[an error occurred while processing this directive]
BBC News
watch One-Minute World News
Last Updated: Tuesday, 29 November 2005, 09:33 GMT
Coal 'could ease energy crisis'
Ellington colliery
Ellington was the last working colliery in the North East
The re-introduction of coal mining in Northumberland and Durham could ease Britain's energy crisis, unions claim.

The National Union of Mineworkers (NUM) says hundreds of millions of tonnes of coal could still be retrieved from coastal areas of the region.

The North East's last deep colliery at Ellington, near Ashington, closed earlier this year with 350 job losses.

A government review of Britain's energy policy is under way amid fears gas supplies may run short.

NUM chairman Ian Lavery said: "We can produce coal cheaply and burned with near zero emission levels, so why not begin production again?

"Basically, we have to understand that coal is a fuel of the future and not a fuel of the past.

Clean technology

"We have people all over the North East who would love to be working back down the pit."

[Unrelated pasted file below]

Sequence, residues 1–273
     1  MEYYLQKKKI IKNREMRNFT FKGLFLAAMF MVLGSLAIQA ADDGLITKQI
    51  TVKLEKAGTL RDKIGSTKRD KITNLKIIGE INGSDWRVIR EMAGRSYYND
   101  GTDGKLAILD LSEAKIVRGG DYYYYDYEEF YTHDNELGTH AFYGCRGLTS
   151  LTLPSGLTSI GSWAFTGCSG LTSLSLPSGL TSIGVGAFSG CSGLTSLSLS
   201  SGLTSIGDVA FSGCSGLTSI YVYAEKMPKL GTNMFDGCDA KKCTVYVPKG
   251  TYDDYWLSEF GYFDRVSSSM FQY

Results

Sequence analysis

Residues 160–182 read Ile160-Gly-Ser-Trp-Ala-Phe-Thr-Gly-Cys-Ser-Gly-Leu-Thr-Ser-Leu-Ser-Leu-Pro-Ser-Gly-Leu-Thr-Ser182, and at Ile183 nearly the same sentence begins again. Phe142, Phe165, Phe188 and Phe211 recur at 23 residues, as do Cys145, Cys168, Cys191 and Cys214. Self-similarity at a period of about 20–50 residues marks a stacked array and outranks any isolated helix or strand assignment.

Mr Lavery questioned the long-term cost effectiveness of nuclear and gas import options being considered by the government.

He added: "I would suggest that the reopening of the coalfields and associated clean coal technology in power stations will produce electricity far cheaper than anything else that is currently being considered."

Mr Lavery's comments come as the price of wholesale gas has almost doubled during the past week, prompting fears about winter supplies to industry in the UK.

Prime Minister Tony Blair has not ruled out an expansion of Britain's civil nuclear generating programme.

Thousands of gallons of water flooded into Ellington in January, prompting owners UK Coal to declare the mine economically unviable.

The BBC is not responsible for the content of external internet sites


Americas Africa Europe Middle East South Asia Asia Pacific